HR professionals spend a lot of time advising the organizations on the things needed for success. They include having an award-winning candidate experience, positive employee experiences, an attractive company culture, and the list goes on. One of the prerequisites of developing a world-class organization is having a human resources department that can partner with the business to make it happen. Let’s face it, a mediocre HR team may or may not have the bandwidth to build a best place to work.
But that doesn’t mean HR pros are out on their own. In the book, The CMO of People: Manage Employees Like Customers with an Immersive Predictable Experience that Drives Productivity and Performance authors Peter Navin and David Creelman offer a unique perspective on the HR profession and how to build an HR function that is up for the task of creating that best company the C-Suite is looking for.
One chapter that’s worth paying attention to was on “How to Build an Unconventional HR Team.” Navin and Creelman highlight six skills that human resources professionals should focus on for their professional development.
Collaboration shows a willingness to work with others. HR professionals have been accused of being the “department of ‘no’” and this can exclude HR from critical business conversations. While it’s true there will be times when HR does have to say no to protect the business, there are also times when HR can open the lab for a little experiment or do an A/B Test to determine the best strategy.
Curiosity demonstrates the ability to learn, explore, and look for creative solutions that all stakeholders can support. Navin and Creelman point out that sometimes the word “creative” can conjure up images of artistic ability. It can also be associated with bending the rules (and not in a good way). It’s time to think of curiosity as a positive attribute that is focused on creating a win.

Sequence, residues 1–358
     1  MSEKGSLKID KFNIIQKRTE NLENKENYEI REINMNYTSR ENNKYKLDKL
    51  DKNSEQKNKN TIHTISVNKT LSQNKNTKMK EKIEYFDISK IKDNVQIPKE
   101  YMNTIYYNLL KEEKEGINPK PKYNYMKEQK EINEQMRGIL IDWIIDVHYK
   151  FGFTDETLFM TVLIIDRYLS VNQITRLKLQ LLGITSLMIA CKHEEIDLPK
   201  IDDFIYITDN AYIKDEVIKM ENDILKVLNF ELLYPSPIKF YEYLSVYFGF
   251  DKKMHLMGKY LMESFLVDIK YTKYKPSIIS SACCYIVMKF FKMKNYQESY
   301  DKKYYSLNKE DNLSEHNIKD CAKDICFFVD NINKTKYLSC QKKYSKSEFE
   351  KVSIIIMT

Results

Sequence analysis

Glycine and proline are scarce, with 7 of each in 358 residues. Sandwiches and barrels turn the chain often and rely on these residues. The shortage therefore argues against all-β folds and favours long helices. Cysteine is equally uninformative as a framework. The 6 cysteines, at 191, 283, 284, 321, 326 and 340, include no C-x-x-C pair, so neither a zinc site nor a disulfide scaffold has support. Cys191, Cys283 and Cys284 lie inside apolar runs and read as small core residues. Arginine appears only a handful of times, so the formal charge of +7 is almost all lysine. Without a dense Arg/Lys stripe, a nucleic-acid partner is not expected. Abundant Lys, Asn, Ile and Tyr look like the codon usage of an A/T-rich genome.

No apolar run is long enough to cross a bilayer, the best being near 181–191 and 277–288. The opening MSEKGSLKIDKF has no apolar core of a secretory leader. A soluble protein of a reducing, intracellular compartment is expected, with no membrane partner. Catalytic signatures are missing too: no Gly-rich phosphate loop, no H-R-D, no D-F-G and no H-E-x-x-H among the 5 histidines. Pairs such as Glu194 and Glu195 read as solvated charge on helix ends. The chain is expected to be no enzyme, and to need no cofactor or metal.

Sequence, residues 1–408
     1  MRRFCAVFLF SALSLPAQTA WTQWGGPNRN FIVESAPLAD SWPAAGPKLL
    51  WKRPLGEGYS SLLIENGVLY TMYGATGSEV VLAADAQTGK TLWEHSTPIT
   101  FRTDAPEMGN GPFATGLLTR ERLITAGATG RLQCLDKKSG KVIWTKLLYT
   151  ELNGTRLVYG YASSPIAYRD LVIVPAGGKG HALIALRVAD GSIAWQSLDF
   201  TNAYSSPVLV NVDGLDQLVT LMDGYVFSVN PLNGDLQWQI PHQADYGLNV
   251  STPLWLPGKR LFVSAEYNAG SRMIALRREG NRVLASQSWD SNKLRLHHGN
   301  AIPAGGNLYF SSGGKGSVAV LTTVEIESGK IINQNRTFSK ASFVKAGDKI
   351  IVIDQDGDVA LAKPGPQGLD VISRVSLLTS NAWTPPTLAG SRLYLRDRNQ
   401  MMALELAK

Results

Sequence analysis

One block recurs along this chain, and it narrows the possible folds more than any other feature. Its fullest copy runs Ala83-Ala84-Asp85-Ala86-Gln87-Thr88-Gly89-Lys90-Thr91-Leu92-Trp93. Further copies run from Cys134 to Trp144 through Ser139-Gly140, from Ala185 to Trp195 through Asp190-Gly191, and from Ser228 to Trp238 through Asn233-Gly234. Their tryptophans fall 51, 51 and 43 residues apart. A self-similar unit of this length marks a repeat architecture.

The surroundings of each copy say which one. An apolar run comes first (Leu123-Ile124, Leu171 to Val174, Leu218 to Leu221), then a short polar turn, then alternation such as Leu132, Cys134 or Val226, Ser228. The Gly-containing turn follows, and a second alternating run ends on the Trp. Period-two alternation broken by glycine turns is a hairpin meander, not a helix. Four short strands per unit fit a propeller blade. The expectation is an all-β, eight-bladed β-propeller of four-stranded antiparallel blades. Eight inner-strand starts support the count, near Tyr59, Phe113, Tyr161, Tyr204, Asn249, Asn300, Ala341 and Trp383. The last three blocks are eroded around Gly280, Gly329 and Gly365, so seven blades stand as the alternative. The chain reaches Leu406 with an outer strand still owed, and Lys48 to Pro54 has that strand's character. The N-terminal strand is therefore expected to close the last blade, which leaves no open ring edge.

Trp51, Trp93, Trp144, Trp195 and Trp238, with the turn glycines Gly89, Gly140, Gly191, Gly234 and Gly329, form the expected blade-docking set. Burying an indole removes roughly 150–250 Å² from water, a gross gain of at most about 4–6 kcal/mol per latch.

Data and technology savvy have to be on the list. You simply cannot be a human resources professional today without having some level of competence in technology and data analysis. You do not need to be a computer programmer, but HR departments without a tech component will be left behind. Employees are looking for modern work experiences that match their personal lives.
Executive presence is defined by the authors as “having the communication and storytelling skills to sell things to skeptics.” This is totally a necessary skill. HR can come up with the best ideas in the world but if no one buys into them, then they’re not going to happen. In addition, HR needs to keep the buy-in of stakeholders, so projects stay fully supported (and funded)!
Risk-taking involves recognizing opportunities, being comfortable with managing risk, and having the judgment to shut down something that’s not working. The last part of that sentence about shutting down projects and programs that aren’t working is so critical. Organizations that want to move forward sometimes need to change the past.
- Systems thinking is the ability to see how all of the pieces fit together. Whether that’s within a department or the organization as a whole, HR pros need to understand how the organization works. It’s critical for effective recruitment, onboarding, learning, and planning. It also is a key component of selling ideas to management (no.4).
The skills being highlighted by Navin and Creelman are ideal for a company-wide management and leadership skills training program. The company might also want to develop some behavioral based interview questions around these areas to make sure that future hires have a sense of curiosity or proven skills in collaboration.
“The CMO of People” should be required reading for HR pros before going into the department’s annual strategy and budget session. It’s a perfect time to talk about what HR wants to accomplish in the upcoming year and, more importantly, how they’re going to go about achieving it.
Orginially posted on HR Bartender blog.